The Australian government has blocked a Chinese investor from holding a bigger stake in Northern Minerals, a mining company that produces heavy rare earths.
Northern Minerals said on Tuesday said the federal government blocked its largest shareholder – China’s Yuxiao Fund – from raising its ownership to 19.9% from 9.92% on grounds of national interest.
Yuxiao Fund sought Foreign Investment Review Board approval in August. But a government register showed Treasurer Jim Chalmers signed a prevention order on February 15.
The Singapore-registered fund is an investment vehicle of Chinese national Wu Yuxiao, who also owns mining companies in Mozambique supplying lower-grade rare earths to China, Northern Minerals executive chairman Nick Curtis said.
“There is a special category of assets for any government to protect its national interest,” Mr Curtis said.
Dysprosium mining plant in WA
Northern Minerals has a project in Browns Range, southeast of Hall’s Creek town, in the Tanami region in northwest Australia. The firm says on its website it is the the first significant producer of dysprosium outside of China.
The Yuxiao Fund could not be reached for comment. The Australian Treasurer’s office, which would be responsible for blocking such an investment based on the advice of the review board, also declined to comment.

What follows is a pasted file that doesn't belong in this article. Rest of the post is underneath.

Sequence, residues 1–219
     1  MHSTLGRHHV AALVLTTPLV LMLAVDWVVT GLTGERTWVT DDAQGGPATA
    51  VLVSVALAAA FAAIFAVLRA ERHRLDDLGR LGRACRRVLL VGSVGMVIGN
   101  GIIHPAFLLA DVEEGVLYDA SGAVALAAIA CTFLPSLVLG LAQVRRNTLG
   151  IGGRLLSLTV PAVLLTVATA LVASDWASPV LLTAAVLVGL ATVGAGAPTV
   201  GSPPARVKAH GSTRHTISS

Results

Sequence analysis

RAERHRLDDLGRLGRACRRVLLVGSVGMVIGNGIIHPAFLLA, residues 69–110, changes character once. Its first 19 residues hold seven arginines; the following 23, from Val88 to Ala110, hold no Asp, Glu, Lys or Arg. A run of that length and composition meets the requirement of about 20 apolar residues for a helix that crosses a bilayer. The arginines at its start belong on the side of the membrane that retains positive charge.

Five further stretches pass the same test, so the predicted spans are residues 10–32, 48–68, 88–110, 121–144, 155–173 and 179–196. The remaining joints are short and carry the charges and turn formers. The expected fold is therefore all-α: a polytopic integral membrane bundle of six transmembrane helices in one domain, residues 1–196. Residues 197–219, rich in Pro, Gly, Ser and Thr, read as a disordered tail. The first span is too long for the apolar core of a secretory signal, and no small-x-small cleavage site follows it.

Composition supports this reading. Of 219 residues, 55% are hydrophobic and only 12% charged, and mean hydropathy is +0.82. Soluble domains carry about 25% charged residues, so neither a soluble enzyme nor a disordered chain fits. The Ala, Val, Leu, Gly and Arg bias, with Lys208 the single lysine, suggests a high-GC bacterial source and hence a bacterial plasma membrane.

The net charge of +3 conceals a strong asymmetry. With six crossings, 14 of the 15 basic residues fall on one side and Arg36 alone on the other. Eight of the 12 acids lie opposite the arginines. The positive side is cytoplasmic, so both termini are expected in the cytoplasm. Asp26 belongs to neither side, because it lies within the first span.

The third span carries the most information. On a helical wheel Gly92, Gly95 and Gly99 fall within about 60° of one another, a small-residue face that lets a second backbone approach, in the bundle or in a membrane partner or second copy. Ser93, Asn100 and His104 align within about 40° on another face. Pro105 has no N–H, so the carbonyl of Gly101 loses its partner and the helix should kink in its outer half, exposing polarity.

China has criticised Australia for previously blocking Chinese investment on national security grounds, saying this contributed to a years-long diplomatic freeze.
Relations between the two countries are improving after years of strained ties, although Chinese “trade blockages” on Australian exports remain in place.
In November, Mr Chalmers said Australia, which is the world’s top lithium supplier and a major producer of rare earths, would become more selective about who it lets invest in its critical minerals industry.
Rare earths ‘wanted to make batteries in Australia’
When asked about Chinese investment in the sector, Prime Minister Anthony Albanese said last week his government would consider the merits of any deal, but favoured using rare earths and other critical minerals to make batteries in Australia.
Curtis said Mr Wu invested in Northern Minerals for financial reasons, not to supply China, and voted in favour of an exclusive supply deal with Australia’s Iluka Resources last year.
Northern Minerals said it planned to become the first significant world producer of dysprosium outside China, which controls 94% of supply. Dysprosium is a key component for magnets for electric vehicles.
“Our material is needed for the magnet supply chain,” said Mr Curtis, adding this was the likely reason the increased investment by a Chinese investor was blocked.
Northern Minerals second-largest shareholder is also Chinese, although Chinese citizens or high net-worth Australian citizens of Chinese background hold less than 30% of shares, he said.
The vice-president of the Australia China Business Council, Mr Adam Handley, became a director in December.
- Reuters with addtional editing by Jim Pollard